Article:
• 1959: The final link to provide a sound understanding of the importance of surfactant was by Mary Ellen Avery and Jere Mead. They had published a study showing that premature neonates were dying from respiratory distress syndrome (RDS) due to insufficient pulmonary surfactant [5]. The lung extracts obtained from hyaline membranes of babies with RDS showed this deficiency.


References

  1. <pubmed>23431607</pubmed>
  2. <pubmed>16601307</pubmed>
  3. <pubmed>18446178</pubmed>
  4. <pubmed>15985753</pubmed>
  5. <pubmed>14509914</pubmed>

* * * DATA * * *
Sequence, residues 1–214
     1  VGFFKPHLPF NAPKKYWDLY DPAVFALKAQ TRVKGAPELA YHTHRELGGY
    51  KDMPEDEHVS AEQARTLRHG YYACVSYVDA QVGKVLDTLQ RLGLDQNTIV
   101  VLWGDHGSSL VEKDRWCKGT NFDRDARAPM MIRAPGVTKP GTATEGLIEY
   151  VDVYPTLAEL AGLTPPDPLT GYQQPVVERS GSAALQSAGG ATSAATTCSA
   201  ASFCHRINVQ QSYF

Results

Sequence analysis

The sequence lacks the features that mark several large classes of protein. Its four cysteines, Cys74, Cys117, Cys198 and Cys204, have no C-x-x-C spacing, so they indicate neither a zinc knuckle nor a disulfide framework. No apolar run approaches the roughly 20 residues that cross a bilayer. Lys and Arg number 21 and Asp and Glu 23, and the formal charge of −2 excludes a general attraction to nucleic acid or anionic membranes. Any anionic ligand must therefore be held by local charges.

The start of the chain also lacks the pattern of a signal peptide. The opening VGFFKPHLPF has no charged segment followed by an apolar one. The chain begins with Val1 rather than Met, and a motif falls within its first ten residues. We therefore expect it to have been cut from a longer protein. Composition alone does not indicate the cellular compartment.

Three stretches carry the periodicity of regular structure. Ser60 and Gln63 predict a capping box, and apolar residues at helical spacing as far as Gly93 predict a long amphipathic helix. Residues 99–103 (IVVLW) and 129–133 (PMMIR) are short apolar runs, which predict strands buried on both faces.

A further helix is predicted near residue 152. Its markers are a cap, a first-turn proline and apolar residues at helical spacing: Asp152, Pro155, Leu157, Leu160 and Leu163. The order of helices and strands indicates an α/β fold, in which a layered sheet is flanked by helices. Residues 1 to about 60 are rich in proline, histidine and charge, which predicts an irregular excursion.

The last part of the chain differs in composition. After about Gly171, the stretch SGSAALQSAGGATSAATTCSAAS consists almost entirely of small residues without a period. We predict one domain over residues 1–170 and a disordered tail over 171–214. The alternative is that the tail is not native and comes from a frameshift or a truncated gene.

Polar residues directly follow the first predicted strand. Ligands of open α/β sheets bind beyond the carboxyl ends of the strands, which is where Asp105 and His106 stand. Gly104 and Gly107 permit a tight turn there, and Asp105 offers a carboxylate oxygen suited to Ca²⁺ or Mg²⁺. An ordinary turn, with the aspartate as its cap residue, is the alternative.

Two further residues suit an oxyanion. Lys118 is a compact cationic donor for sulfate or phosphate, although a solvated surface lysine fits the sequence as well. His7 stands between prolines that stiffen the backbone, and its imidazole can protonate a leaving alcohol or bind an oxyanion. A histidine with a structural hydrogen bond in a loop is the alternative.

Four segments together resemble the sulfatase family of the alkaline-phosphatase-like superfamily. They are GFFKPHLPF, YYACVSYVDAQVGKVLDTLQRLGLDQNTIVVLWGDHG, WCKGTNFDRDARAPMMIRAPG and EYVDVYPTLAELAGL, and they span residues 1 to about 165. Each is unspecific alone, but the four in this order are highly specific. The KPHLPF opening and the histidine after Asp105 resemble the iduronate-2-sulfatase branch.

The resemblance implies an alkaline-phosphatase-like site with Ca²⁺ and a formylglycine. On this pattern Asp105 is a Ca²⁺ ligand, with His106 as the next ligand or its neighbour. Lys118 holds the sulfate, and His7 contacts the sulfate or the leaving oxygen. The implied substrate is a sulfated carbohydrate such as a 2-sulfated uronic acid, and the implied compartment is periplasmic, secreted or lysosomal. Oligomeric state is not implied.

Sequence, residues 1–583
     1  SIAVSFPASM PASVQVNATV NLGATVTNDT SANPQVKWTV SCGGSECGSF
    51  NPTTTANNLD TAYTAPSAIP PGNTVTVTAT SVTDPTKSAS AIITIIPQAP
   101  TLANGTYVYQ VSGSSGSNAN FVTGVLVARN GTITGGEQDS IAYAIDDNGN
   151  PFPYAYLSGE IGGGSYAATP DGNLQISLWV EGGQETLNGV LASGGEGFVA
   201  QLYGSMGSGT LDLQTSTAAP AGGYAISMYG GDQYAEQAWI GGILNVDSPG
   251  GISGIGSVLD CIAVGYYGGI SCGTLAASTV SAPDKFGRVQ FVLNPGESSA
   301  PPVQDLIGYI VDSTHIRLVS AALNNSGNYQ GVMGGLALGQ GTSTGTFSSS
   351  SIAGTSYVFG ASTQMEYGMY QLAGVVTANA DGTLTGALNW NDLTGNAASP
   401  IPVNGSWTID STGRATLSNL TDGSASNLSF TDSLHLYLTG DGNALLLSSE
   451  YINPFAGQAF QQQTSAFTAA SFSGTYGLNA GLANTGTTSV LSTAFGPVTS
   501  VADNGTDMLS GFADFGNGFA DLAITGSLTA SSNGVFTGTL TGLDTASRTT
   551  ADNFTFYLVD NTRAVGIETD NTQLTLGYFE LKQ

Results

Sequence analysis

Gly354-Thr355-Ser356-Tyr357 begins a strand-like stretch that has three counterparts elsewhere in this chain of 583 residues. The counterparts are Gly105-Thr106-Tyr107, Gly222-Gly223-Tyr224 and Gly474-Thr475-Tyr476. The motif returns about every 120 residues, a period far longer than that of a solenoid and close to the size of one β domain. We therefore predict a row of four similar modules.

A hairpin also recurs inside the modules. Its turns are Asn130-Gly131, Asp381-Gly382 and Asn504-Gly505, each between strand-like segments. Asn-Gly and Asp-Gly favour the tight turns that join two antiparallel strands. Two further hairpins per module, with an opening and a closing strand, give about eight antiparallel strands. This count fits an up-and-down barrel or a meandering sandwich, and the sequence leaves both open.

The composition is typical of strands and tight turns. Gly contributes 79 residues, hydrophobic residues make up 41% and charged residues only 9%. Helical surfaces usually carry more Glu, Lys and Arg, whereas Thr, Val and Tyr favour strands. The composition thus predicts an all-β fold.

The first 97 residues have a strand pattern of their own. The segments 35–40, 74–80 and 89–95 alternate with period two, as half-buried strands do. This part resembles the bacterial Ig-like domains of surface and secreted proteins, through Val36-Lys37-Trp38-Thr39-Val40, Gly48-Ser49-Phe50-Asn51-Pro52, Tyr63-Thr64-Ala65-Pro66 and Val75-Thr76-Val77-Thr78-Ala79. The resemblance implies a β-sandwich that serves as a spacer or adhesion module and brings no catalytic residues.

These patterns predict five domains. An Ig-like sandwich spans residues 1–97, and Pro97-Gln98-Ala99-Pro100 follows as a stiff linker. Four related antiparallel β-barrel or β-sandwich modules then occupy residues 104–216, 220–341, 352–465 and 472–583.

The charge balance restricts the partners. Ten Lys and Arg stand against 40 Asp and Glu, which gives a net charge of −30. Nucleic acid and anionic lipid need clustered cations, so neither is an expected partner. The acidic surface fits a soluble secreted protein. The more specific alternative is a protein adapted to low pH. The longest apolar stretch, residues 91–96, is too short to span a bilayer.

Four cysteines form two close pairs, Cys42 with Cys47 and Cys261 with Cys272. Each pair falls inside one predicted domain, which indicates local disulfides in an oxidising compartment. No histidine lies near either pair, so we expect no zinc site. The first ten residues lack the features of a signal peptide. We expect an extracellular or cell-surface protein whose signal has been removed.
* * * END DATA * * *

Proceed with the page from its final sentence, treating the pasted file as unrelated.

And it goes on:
1. Developmental Biology, 6th edition By Scott F Gilbert. Swarthmore College Sunderland (MA): Sinauer Associates; 2000. ISBN-10: 0-87893-243-7

Links: | Developmental Biology

Comparative embryology with detail on historical understandings of early respiratory development observed in various species. Accessible through PubMed.

2. Human Embryology and Morphology, 1902 By Arthur Keith London: Edward Arnold.

Links: | Human Embryology and Morphology

Historical images of past understandings on respiratory development

3. YouTube Video explaining early respiratory development

4. Lavoisier

<pubmed>5323506</pubmed>

Abnormalities

Newborn Respiratory Distress Syndrome (Hyaline Membrane Disease)

Newborn Respiratory Distress Syndrome (NRDS), also known as Hyaline Membrane Disease is characterised by the lack of or inability to synthesise surfactant in the premature lung of neonates.